Borley Rectory April 5, 1944

The floating brick


"On April 5, 1944, I visited Borley in order to inspect the demolition work for myself. Onereason why I went was because I had been asked by LIFE, the famous American pictorialmagazine to do an article, 'Haunted England.' For illustrating this article, the London editorrequired photographs of various alleged haunted houses, including Borley Rectory.
"Mr. David E. Scherman, the LIFE photographer (and an accredited warcorrespondent to the United States Army); Miss Cynthia Ledsham, the researcher and archivistattached to Time and Life, Ltd.; and I all journeyed by car in order to take the pictures.
"Fortunately, it was a sunny day, and how successful our trip was can be judged by Mr.Scherman's magnificent photographs reproduced in this volume.
"We had a shock when [we] saw the rapidly diminishing ruins. Only the back part of thehouse - leading to the kitchen quarters - was standing. The cellars were open to the sky wherethey had not been filled in.
"We were disappointed that demolition work was so far advanced.
"He was using a miniature camera of American make, and in order to embrace the whole ofthe ruins he had to stand at least one hundred feet away from them as the lens he was using wasnot a very wide-angled one. Miss Ledsham and I stood by his side, watching the proceedings.
"As Mr. Scherman pressed the trigger. . . . a brick, or part of a brick, suddenly shot up aboutfour feet into the air in front of what remained of the kitchen passage. The three of us saw it. Weall laughed and called it 'the last phenomenon,' and said the Poltergeists were 'demonstrating' inhonor of our visit.
"We walked over to the passage, where there were many bricks lying about. I picked upseveral, and all appeared normal. No string or wire was attached to any of them, and we saw noworkmen at all on that side of the Rectory.
"The incident puzzled us, and I personally soon forgot about it.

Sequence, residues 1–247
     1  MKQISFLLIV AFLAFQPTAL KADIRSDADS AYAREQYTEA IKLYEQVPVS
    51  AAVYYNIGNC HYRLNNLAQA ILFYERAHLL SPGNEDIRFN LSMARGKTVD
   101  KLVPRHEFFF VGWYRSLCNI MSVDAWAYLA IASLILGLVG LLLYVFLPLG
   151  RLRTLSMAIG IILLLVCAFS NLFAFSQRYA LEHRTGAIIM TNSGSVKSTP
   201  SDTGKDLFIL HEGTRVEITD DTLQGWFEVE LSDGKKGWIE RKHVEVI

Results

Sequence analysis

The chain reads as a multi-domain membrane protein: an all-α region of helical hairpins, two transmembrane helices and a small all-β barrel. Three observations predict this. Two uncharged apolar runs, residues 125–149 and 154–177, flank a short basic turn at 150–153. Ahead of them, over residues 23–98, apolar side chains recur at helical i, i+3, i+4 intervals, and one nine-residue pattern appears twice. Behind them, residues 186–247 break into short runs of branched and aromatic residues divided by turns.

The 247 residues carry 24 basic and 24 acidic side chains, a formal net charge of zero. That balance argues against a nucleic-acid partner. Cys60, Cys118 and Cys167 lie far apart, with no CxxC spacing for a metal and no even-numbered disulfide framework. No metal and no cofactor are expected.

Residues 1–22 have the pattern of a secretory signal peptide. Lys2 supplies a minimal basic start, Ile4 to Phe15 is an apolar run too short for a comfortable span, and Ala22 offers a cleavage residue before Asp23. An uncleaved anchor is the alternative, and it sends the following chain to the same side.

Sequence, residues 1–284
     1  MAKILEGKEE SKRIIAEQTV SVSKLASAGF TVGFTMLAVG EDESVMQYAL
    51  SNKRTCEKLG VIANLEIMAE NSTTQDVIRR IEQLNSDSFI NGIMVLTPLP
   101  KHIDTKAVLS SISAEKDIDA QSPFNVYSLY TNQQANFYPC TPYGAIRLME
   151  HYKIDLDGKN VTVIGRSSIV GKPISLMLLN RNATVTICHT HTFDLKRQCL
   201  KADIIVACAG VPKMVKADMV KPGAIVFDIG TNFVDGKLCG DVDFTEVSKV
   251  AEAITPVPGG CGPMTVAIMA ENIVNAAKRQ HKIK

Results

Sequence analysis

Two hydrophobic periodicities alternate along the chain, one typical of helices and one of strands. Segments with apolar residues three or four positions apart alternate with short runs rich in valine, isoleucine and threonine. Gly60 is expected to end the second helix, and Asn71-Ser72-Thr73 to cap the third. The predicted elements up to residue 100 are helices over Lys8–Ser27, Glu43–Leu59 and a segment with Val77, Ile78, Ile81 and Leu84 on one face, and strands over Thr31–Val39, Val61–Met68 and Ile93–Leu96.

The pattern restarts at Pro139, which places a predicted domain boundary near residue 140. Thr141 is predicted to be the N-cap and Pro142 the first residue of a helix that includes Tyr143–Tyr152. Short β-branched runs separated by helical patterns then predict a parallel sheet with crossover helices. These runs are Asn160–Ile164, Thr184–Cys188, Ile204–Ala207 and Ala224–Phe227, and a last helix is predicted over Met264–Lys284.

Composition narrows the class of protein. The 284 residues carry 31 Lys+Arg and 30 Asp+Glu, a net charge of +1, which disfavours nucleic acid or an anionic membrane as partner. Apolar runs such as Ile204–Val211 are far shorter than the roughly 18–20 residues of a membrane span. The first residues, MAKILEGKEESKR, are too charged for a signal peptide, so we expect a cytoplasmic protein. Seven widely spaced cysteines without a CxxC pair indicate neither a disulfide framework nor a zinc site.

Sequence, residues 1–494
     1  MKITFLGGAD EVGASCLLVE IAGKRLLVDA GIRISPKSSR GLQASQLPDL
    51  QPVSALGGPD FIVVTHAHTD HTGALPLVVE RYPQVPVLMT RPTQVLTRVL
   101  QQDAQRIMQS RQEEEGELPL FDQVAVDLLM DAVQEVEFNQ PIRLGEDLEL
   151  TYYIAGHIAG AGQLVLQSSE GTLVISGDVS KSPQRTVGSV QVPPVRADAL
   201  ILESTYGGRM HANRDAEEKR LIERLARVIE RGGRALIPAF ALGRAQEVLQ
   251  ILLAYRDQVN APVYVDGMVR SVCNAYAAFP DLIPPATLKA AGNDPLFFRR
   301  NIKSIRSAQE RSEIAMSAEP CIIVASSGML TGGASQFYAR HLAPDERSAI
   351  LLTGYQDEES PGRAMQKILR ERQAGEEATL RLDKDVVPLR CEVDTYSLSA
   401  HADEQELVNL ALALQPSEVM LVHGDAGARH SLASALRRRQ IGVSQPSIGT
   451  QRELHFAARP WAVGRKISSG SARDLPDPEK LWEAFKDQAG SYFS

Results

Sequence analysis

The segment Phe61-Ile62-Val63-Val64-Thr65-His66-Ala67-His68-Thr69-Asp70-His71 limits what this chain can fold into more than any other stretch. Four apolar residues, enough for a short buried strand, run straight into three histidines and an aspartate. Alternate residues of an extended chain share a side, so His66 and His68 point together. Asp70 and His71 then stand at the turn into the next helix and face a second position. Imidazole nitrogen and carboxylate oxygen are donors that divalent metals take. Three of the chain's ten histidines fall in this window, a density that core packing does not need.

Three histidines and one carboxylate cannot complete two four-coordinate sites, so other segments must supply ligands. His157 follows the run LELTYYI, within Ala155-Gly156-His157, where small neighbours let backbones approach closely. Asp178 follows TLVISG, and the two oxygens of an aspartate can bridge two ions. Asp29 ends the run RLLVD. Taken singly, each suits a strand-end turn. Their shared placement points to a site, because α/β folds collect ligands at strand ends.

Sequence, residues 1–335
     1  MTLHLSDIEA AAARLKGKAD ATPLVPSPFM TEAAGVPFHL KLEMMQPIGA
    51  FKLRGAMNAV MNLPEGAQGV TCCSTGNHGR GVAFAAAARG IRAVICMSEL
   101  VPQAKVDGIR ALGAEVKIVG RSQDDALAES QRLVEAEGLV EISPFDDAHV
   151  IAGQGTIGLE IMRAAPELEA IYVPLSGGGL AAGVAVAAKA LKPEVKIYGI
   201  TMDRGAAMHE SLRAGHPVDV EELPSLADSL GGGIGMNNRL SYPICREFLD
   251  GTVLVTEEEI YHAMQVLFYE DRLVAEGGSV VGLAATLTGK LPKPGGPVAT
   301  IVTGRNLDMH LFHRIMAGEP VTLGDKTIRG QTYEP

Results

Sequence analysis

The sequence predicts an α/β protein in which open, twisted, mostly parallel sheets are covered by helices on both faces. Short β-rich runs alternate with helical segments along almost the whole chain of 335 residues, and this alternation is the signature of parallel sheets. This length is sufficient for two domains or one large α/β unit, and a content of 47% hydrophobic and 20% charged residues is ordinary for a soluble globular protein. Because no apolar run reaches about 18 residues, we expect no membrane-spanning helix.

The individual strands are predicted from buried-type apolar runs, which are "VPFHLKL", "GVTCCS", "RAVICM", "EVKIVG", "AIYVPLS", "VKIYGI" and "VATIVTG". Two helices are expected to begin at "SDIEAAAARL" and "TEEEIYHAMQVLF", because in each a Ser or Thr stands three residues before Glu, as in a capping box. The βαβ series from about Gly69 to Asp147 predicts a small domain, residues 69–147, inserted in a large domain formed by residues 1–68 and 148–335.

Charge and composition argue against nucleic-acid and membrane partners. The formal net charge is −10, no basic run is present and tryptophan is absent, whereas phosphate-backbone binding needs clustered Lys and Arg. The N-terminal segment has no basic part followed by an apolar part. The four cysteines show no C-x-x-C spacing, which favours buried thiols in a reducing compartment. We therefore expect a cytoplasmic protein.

"A few days later Mr. Scherman sent me the proofs of the photographs he had taken. Theywere in the form of small contact prints from the original negatives, two and a quarter inchessquare.
"Then, on the telephone, he asked me if I had noticed anything about the photograph of theruins. I said no, and he then pointed out that against the dark background of the passage could beseen a tiny white pin-point. It was the brick!
"Without knowing it at the time, Mr. Scherman opened his shutter at the fraction of a secondwhen the brick was poised in mid-air. In proof of what a rapid exposure he gave the picture,there is no sign of movement of the brick in the photograph.
"Mr. Scherman kindly sent me ten-inch-by-eight-inch enlargements of his photographs. Atmy suggestion, [he] sent me a very much enlarged picture of the 'flying brick.'
"It is worth noting that the place where the brick suddenly shot up was formerly part of thekitchen passage - focus of many phenomena, and on the walls of which appeared at least two'messages.' One of them was 'Marianne-Light-Mass-Prayers.'
"If, indeed, this was a genuine paranormal phenomenon, then we have the first photographever taken of a Poltergeist projectile in flight."

The End of Borley Rectory 1946. Excerpts, pp. 283-4

Follow-up by Michael Coleman
What the photographer told Peter Underwood